Earlier this month Marketing Week’s very own Russell Parsons wrote, “Direct Marketers should accept that their work might be unloved but it is effective“…
Sorry Russell, I don’t accept this premise. It’s not the medium that’s the problem, it’s the messages and, more importantly, our creative standards. Let me illustrate my point via the medium of television (so everyone is familiar with what I’m talking about).
Comparethemarket.com and webuyanycar.com are both trying to make their propositions memorable. One of them uses charm, engagement and originality. The other uses a sledgehammer. Both are effective, but only one is loved.
The point being that if all TV commercials were like webuyanycar.com then TV advertising would be seen by the public as unloved but effective.
But direct marketing does have another problem – bad use of data. Holding and using personal data has long been a hot potato. The industry justification being that the more we know about an individual, the more relevant and targeted we can be, and in the case of direct mail, less wasteful as a result.
But in practice it doesn’t always work that way and therefore has the opposite effect. Here are two examples that have happened to me in the last couple of weeks.
Firstly, Laithwaites, the wine people, have built a hugely successful business off the back of direct marketing. They could teach most of us a thing or two, I suspect.
They wrote to me recently telling me they’ve just opened a shop near me (I live in Blackheath, South-East London). Turns out that the shop is in South Croydon and that’s miles away, probably an hour’s drive away.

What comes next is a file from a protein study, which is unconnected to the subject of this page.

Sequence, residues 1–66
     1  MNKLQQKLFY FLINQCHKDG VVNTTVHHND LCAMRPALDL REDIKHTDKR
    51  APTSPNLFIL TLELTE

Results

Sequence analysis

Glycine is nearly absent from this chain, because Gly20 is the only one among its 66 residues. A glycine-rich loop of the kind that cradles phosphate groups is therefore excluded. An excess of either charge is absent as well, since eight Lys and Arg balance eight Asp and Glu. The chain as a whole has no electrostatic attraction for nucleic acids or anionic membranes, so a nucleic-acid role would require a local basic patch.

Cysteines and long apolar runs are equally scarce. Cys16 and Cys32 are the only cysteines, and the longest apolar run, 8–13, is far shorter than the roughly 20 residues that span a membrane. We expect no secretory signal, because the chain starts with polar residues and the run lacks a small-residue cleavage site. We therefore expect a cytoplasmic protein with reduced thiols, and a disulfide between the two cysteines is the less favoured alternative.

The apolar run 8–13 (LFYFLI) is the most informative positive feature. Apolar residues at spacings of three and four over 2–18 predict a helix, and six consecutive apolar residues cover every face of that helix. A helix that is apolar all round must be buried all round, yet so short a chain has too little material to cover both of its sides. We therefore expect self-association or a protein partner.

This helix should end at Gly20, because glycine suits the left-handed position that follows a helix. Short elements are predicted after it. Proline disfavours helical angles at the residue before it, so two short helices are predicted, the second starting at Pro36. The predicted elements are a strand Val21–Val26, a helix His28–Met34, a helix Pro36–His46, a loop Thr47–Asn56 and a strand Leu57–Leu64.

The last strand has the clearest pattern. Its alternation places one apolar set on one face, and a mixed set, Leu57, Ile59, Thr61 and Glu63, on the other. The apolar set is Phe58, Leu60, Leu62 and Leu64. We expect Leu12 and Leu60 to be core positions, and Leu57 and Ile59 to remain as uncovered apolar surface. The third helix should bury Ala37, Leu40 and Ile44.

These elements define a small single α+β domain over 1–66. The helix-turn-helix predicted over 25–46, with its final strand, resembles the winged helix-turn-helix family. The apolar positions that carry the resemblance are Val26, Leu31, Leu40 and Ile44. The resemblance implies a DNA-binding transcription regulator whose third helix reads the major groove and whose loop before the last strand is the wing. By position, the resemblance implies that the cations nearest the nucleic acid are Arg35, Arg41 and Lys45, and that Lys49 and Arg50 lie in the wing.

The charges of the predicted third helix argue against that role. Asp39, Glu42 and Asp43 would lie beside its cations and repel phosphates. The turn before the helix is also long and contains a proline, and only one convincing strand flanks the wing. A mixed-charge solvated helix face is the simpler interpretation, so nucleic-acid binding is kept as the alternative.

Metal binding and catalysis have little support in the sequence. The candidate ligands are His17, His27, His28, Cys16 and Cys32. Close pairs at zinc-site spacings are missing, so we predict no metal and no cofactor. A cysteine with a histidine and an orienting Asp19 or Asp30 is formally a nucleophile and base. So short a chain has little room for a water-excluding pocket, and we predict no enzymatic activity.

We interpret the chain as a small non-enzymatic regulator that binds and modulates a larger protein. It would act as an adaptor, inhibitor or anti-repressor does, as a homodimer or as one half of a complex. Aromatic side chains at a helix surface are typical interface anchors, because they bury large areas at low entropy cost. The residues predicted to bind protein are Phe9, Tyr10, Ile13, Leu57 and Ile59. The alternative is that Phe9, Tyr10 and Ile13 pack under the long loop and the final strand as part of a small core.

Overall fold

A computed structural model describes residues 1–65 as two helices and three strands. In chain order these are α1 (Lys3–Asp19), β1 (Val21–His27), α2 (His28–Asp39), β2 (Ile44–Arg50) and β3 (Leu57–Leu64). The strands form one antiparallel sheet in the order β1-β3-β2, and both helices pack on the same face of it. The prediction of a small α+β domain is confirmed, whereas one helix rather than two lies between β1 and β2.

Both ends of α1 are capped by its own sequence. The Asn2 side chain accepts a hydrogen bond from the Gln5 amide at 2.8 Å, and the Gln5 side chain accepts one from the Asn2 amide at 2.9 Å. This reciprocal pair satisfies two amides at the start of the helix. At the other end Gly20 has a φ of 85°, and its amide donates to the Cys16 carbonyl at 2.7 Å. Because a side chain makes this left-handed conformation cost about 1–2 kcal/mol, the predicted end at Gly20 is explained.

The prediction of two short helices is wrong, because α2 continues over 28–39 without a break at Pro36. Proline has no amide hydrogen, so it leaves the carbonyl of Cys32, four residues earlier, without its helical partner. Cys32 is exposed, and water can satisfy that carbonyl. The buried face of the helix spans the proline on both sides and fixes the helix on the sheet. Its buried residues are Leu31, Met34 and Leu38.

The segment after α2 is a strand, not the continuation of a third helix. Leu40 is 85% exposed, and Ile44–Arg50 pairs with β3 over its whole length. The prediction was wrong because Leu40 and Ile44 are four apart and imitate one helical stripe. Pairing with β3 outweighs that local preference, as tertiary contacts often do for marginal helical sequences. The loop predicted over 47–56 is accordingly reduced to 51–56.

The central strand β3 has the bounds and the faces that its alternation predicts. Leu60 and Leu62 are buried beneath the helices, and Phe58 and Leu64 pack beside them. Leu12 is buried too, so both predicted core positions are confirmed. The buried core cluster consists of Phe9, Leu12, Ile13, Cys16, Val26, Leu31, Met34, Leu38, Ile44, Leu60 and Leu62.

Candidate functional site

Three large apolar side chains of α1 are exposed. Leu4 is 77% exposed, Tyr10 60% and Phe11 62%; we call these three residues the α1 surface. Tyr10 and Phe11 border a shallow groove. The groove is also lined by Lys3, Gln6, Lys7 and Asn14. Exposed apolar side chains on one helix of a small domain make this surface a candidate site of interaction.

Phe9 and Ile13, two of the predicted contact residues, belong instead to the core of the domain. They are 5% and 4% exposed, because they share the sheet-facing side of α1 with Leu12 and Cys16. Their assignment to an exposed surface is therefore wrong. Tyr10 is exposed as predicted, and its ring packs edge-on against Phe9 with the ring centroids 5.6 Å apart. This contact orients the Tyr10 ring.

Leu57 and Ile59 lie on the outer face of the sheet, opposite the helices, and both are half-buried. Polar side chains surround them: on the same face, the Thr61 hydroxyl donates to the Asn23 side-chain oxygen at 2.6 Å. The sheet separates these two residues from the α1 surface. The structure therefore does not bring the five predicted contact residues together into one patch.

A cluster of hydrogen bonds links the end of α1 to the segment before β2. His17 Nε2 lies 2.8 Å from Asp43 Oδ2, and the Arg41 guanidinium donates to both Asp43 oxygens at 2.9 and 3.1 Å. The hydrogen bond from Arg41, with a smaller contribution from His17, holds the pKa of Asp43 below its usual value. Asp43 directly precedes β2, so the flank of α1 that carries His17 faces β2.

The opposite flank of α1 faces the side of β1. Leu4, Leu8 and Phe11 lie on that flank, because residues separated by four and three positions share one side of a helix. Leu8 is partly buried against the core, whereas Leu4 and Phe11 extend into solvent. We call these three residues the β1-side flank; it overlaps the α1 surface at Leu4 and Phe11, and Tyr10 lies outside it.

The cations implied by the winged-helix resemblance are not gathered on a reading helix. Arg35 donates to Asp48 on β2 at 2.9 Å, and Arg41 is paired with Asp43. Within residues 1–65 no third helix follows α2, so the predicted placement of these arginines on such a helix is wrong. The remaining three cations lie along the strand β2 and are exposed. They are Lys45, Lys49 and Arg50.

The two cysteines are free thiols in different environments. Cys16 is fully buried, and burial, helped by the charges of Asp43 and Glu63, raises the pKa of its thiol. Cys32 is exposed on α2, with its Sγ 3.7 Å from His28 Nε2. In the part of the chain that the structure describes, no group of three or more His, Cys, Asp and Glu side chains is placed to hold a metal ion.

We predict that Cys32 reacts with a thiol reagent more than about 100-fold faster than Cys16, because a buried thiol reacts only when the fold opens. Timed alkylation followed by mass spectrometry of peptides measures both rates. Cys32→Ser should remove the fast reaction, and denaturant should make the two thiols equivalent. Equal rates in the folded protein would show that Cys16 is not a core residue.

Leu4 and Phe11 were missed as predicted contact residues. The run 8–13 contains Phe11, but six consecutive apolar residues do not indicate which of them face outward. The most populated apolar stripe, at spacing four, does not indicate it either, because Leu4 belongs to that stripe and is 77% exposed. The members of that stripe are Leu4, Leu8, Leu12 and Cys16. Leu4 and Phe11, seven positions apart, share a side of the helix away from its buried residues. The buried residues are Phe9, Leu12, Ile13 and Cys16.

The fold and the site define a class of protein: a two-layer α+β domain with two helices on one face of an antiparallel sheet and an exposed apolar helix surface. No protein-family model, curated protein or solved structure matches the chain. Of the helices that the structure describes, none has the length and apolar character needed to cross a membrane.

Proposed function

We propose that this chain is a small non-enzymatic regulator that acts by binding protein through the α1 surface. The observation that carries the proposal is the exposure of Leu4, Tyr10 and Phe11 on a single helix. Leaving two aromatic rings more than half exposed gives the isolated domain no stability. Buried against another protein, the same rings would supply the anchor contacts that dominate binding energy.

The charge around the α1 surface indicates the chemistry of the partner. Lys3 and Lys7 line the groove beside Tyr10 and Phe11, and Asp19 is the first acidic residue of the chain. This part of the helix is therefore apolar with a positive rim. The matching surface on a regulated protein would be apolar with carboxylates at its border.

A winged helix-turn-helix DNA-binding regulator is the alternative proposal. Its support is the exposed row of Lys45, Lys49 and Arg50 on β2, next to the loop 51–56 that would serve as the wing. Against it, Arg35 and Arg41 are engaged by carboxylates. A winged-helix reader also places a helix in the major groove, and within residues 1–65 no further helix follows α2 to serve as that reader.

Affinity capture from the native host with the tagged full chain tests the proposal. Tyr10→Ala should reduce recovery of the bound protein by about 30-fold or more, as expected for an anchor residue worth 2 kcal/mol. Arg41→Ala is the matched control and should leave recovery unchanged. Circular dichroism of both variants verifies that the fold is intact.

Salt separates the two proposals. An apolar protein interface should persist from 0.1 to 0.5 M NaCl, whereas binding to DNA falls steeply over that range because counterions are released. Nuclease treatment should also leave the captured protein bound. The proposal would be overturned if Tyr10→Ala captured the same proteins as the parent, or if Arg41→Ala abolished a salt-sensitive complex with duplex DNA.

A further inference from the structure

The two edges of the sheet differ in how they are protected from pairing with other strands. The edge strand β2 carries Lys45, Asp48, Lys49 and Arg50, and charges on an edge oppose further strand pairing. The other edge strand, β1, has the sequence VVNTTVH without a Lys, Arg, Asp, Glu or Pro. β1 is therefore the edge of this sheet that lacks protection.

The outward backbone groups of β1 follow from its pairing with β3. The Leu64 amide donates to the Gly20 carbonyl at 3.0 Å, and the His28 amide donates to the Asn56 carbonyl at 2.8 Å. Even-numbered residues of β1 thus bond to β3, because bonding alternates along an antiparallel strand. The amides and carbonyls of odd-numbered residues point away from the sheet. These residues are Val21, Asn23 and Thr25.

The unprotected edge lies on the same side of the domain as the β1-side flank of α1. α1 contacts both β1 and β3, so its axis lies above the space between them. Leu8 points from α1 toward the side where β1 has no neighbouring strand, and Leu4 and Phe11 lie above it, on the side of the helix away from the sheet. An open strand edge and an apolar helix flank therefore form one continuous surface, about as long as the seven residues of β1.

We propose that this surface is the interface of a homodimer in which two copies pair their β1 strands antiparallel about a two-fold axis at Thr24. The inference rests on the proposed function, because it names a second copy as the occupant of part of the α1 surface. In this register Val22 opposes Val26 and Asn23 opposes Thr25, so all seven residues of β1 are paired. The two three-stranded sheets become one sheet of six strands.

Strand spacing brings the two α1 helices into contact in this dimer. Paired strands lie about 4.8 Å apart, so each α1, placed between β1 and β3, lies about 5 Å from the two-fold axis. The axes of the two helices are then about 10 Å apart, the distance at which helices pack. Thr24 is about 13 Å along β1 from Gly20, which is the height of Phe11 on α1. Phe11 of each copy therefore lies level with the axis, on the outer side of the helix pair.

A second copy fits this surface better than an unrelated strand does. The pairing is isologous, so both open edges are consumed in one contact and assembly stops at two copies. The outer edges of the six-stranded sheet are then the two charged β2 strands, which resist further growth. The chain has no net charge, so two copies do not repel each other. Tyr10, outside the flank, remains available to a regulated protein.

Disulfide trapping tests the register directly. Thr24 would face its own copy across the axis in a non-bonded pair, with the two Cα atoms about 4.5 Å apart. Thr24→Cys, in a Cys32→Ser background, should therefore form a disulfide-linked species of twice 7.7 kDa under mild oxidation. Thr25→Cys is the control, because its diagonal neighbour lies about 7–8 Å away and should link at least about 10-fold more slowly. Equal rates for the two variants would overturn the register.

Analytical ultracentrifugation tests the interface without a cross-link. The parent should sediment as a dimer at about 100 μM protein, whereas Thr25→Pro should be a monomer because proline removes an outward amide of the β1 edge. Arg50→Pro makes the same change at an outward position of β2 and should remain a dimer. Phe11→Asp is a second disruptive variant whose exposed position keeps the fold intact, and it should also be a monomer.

By trying to show that they know me, Laithwaites merely prove they don’t know me at all.
Secondly, our good friends at the DMA email me on a regular basis to ensure I’m always up-to-date with the comings and goings at our trade body. But everything they send me I get twice, presumably because I’m on the database twice. Some basic data hygiene would sort this out. Those that can, do…
It’s still the case that for too many direct marketers, the discipline is nothing more than a numbers game; “I need to sell 1,000 products. I know I’ll get a 1% response rate from my mailing therefore I need to mail 100,000 people”. It’s marketing by the square yard where, in this mindset, quality, creativity and engagement are completely undervalued.
There are plenty of examples where brands have been built (as well as products sold) via direct marketing and where likeability (and talkability) has been integral to the work.
First Direct, Land Rover, PlayStation, Skoda and Guinness are obvious examples, all created by brands and agencies for whom exceeding response rates was not enough. They all wanted to create work that was also admired by their colleagues, their industry and by the general public.
It all reminds me of Paul Arden’s book “It’s Not How Good You Are, It’s How Good You Want To Be”. If we accept that our work might be unloved, we’re saying that mediocrity is OK. Not exactly a rallying cry for the next generation of talent.